Latin America and Asia trade: a future beyond commodities for manufactures

Strong trade relationship but with trade imbalances

Unlike overland trade across Eurasia where the challenge is to improve accessibility for land-locked countries, the challenge for Latin America and Asia is to overcome the vast ocean distance. In terms of geography, Latin America and Asia are literally on opposite sides of the world. Nonetheless, driven by the rise of China and complementarities, Latin America and Asia’s trade has grown strongly in the past two decades, and by a factor of 7 since 1995 to reach USD465.0 billion in 2016 (Figure 3).

Brazil is the most important trade partner and part of the supply chains to Asia. From world input-output table 2014, the research estimates that Brazil sold intermediate goods worth more than USD60.0 billion, and goods for final demand worth more than USD11.0 billion, to Asia, Australia and Russia. The continued development of these economies, especially in sectors that help strengthen Asia’s supply chains, will be of significant benefit to Asia.

However, two imbalances stand out. First, Latin America (as a whole) has a large trade deficit with Asia, reaching USD95.0 billion in 2016 (see Figure 4).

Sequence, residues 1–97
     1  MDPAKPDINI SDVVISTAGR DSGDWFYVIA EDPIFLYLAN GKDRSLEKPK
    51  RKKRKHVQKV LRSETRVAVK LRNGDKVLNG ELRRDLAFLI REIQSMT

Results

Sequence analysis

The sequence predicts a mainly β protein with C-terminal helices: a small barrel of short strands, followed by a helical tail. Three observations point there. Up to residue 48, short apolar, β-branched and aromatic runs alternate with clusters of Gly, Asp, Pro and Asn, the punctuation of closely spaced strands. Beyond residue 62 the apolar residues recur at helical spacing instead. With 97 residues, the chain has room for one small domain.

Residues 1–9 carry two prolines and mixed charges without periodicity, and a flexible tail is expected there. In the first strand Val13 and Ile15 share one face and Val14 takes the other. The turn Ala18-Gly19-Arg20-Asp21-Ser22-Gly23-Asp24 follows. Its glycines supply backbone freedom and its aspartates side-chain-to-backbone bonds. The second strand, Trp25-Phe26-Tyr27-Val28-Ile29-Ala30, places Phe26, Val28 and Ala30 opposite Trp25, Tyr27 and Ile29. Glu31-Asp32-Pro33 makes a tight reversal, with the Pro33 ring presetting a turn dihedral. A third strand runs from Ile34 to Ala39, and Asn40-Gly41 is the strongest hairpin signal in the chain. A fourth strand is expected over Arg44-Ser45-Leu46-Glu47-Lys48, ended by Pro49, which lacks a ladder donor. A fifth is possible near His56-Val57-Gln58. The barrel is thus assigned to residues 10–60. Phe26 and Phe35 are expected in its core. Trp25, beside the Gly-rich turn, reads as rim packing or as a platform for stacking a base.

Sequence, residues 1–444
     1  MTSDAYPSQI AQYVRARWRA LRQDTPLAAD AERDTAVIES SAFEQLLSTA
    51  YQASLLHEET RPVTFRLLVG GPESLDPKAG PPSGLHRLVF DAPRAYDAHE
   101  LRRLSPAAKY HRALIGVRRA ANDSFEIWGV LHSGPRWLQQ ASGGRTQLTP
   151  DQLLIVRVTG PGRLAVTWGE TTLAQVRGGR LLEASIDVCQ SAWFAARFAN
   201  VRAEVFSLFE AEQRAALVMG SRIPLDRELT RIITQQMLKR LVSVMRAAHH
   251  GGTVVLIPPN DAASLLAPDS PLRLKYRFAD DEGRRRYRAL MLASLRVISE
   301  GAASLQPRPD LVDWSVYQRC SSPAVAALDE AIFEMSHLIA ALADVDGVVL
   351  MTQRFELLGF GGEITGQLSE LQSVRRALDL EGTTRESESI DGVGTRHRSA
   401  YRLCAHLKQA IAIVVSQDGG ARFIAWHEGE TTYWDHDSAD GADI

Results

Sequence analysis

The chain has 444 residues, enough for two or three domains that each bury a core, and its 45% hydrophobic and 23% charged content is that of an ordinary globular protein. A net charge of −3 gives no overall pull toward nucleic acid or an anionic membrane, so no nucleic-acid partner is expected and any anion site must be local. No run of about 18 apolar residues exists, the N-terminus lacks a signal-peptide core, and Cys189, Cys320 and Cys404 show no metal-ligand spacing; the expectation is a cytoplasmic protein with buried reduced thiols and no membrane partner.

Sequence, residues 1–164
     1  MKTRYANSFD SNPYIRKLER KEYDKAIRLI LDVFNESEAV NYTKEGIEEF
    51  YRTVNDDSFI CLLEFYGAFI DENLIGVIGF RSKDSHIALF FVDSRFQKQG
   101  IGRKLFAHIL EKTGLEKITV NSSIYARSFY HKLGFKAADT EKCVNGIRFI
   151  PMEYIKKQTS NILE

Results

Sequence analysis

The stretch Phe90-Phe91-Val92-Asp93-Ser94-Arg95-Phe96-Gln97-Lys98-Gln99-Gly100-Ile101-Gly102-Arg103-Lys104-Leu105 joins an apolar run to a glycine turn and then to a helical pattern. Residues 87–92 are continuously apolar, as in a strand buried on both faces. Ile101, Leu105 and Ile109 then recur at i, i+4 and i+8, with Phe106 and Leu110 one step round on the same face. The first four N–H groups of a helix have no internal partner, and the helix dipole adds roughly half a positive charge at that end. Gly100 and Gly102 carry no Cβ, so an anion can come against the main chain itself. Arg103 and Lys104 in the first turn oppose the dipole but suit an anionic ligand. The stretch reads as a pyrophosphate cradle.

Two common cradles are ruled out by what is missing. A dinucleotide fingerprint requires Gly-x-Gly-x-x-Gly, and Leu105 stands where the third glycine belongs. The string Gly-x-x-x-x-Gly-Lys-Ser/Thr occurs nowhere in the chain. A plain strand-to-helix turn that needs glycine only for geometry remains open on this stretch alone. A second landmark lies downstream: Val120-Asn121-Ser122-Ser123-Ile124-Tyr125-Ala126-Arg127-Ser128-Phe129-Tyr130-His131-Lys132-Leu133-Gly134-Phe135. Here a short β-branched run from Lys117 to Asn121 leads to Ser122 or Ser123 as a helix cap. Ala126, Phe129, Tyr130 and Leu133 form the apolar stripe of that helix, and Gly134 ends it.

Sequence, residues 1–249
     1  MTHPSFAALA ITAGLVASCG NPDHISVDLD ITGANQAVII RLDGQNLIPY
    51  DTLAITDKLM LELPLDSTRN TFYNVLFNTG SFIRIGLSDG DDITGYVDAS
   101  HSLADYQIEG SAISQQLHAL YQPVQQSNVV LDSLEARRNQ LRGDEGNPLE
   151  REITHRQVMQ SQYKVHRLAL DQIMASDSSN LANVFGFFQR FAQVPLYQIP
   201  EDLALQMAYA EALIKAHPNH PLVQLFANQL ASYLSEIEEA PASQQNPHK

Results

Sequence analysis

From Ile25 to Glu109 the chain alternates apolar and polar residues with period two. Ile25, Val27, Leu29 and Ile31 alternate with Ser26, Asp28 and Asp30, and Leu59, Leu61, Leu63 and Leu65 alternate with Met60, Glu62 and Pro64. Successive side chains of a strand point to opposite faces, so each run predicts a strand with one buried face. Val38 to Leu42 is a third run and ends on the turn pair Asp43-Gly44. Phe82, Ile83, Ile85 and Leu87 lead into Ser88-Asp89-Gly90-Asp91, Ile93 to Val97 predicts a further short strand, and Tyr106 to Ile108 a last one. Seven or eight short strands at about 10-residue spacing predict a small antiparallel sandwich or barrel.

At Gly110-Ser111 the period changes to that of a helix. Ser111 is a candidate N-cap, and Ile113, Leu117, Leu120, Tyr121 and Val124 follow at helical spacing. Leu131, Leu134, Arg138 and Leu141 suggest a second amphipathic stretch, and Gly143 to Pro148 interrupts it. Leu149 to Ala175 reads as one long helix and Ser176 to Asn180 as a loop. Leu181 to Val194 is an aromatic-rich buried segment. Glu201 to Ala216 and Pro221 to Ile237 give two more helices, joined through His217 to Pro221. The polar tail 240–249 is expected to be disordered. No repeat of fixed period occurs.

Second, trade between Latin America and Asia is dominated by the “commodities for manufactures” trade, especially with the rise of China. Latin America’s export to Asia has remained more natural resources-oriented (which also requires larger freight component CIF) compared to Asia’s more sophisticated and diversified export basket (see Table 3).

Figure 3: China and rest of Asia’s total trade with Latin America, USD billion (1995-2016)

Source: UN Comtrade, Authors’ Calculations. Asia: Afghanistan; Australia; Bangladesh; Bhutan; Brunei; Cambodia; China; Sri Lanka; Timor-Leste; Hong Kong, China; Indonesia; Japan; Korea; Macao, China; Malaysia; Maldives; Mongolia; Myanmar; Nepal; New Zealand; Pakistan; Papua New Guinea; Philippines; India; Singapore; Vietnam and Thailand. Latin America: Argentina, Bolivia, Brazil, Chile, Colombia, Costa Rica, Cuba, Dominican Rep., Ecuador, El Salvador, Guatemala, Haiti, Honduras, Mexico, Nicaragua, Panama, Paraguay, Peru, Uruguay and Venezuela.

Figure 4: Asia and Latin America trade balance, USD billion

Source: BACI-CEPII, UN Comtrade, Authors’ Calculations.

Table 3: Latin America trade composition with Asia

Source: CEPII-BACI, Authors’ calculations.

Although such economic relationships are not inherently detrimental and reflect comparative advantages between the two regions, an improved trade balance can ensure greater sustainability. The question is whether Latin America and Asia will see a more balanced trading relationship in the coming decades.

More Industrial Exports from Latin America to Asia?

Latin America is certainly not without industrial capacity. As a comparison, Latin America has a more balanced trade pattern with the US. More than half of Latin America’s export to the US is made up of manufacturing goods including machinery and electronics (see Table 4). This also reflects the presence of many multinational firms in Latin America, producing goods and shipping them back to home or other markets, and also the effects of Mexico within NAFTA.